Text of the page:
https://www.rcgroups.com/forums/showthread.php?978436-Indoor-Duration/page5 link is in post 62

Also, Ron Williams'  book Building and Flying Indoor Model Airplanes may be very useful to you if you can find it. I think these days it may be found on Amazon.

I think, if you make another model, you may find the most success in that room with a model intermediate in size between a mini stick and a pennyplane, though if you have a larger venue available, I highly recommend building a pennyplane. A good intermediate sized model which I think  would fly in your room might be a Starved Pussycat, especially if kept light. Peck Polymers sells a kit for it. I assume that it flys well, because Dick Baxter's regular Pussycat flies really well, and I assume the Starved Pussycat is lighter. If landing gear is shown, don't bother with it. It would probably fly even better if you shaved down the prop or made one. If the prop assembly includes a plastic bearing that slips on the end of the motor stick, that will be heavy too, and performance could be enhanced by replacing it.  You can make your own bearing, or you can use one of Ray Harlan's. ( http://www.indoorspecialties.com/index1.html ) Ray's bearing forces you to use an appropriately thin prop shaft, and that shaft forces you to make your own prop or some kind of bushing to adapt to props with larger holes. (Try bare guitar strings of the appropriate size.) BTW, Ray sells Ultrafilm, which would be appropriate for mini sticks. Recommend you use something easier for your next model.  But if the model flies in your room ok, maybe it's premature to suggest these refinements.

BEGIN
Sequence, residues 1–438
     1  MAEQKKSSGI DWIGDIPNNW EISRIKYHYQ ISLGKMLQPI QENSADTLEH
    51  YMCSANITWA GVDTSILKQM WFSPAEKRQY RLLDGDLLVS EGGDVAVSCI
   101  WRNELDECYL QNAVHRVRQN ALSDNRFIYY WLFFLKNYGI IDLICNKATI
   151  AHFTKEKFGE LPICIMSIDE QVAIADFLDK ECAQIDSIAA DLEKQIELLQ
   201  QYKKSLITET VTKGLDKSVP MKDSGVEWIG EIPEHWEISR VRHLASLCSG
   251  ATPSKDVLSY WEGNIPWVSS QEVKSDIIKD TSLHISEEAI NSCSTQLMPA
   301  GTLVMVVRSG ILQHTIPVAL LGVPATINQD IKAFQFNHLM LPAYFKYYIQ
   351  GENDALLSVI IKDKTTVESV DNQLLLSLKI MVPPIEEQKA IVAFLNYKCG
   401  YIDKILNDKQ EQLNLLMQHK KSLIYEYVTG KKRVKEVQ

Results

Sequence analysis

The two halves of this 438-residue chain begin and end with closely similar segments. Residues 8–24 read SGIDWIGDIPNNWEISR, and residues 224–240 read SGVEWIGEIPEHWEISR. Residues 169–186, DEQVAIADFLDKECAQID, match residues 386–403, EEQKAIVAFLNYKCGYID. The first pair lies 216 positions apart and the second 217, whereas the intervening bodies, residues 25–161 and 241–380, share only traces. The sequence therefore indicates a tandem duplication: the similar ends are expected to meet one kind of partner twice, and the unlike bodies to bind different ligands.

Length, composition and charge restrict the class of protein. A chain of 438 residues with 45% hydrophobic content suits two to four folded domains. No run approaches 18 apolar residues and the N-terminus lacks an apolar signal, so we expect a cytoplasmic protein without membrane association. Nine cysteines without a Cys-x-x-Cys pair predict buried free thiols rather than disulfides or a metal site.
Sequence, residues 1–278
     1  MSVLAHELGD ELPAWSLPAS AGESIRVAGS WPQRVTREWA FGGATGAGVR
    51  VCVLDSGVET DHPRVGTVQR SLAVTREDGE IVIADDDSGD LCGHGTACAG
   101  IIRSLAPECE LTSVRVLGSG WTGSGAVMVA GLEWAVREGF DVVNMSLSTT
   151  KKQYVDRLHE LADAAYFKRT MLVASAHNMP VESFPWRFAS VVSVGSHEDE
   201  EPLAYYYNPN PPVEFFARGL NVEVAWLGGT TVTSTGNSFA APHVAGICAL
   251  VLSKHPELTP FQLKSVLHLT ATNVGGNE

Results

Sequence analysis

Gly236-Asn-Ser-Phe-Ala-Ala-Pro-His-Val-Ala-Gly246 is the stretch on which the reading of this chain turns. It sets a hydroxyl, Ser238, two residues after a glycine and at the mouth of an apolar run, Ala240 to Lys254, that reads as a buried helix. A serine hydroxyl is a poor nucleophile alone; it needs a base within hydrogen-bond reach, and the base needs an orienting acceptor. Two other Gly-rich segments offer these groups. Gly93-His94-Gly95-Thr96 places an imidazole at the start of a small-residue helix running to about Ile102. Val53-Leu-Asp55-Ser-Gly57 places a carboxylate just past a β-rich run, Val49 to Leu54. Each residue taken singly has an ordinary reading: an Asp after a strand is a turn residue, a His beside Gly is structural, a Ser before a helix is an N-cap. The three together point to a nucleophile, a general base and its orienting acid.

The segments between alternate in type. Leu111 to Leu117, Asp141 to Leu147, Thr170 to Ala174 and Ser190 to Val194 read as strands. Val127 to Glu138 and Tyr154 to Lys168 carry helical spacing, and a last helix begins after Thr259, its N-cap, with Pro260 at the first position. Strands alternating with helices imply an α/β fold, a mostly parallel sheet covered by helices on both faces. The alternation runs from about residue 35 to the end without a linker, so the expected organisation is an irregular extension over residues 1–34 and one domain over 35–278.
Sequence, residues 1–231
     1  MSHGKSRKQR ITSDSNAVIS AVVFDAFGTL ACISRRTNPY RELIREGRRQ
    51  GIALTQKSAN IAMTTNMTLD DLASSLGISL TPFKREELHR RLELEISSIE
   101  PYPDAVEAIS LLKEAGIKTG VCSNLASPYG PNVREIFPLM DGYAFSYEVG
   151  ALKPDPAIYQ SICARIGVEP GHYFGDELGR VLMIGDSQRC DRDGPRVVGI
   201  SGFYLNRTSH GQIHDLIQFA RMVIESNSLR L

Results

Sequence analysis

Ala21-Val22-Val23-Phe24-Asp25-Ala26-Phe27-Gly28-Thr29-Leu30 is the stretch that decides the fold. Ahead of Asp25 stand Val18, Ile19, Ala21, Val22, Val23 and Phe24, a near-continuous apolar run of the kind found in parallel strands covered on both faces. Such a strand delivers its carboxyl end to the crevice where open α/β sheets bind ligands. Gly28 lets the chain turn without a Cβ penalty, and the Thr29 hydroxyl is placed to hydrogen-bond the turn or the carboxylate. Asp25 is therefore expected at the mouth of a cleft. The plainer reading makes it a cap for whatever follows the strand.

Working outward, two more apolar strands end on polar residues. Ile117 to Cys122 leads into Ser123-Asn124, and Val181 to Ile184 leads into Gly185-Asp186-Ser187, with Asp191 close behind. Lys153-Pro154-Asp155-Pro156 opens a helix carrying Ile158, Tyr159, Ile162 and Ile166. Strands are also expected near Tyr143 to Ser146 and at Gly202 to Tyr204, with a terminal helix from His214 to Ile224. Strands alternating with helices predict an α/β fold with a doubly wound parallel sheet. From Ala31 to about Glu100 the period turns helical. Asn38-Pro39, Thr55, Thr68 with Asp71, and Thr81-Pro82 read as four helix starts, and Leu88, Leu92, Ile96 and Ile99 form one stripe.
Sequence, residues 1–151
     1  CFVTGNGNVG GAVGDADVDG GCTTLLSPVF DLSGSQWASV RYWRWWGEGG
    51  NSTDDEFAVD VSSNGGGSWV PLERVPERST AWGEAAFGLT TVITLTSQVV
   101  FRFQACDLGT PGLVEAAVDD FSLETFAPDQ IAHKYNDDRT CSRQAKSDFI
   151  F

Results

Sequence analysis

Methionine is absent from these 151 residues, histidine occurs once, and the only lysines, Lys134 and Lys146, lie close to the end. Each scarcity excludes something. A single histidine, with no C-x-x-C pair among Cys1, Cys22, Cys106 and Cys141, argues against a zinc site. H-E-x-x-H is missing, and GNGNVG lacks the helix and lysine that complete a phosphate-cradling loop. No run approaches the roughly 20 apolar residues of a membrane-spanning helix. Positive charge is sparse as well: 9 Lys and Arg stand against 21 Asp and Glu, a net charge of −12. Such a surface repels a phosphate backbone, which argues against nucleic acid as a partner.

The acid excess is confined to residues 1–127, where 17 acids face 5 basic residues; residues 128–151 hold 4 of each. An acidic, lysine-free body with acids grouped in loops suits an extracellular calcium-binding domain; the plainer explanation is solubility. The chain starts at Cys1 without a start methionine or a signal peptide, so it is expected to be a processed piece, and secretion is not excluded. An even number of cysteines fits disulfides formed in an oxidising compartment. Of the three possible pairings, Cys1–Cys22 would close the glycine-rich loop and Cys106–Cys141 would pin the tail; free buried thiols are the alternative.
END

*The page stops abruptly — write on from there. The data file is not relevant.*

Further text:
This was fun, but I really should sign off. I hope there aren't too many embarrassing mistakes in here.
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herreraa
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« Reply #9 on: October 26, 2017, 09:18:29 AM »

linconn,

Many thanks for the replay it is very useful and encouraging. I am definitely planning to build a new The Fly. In the mean time I had an Peck ROG waiting and this was the best opportunity to build it  my first one and practice building skils.
Here video: https://youtu.be/66QRIW2N2lY. I used a 2 degree angle at rudder to make turn in circles i think it work wood.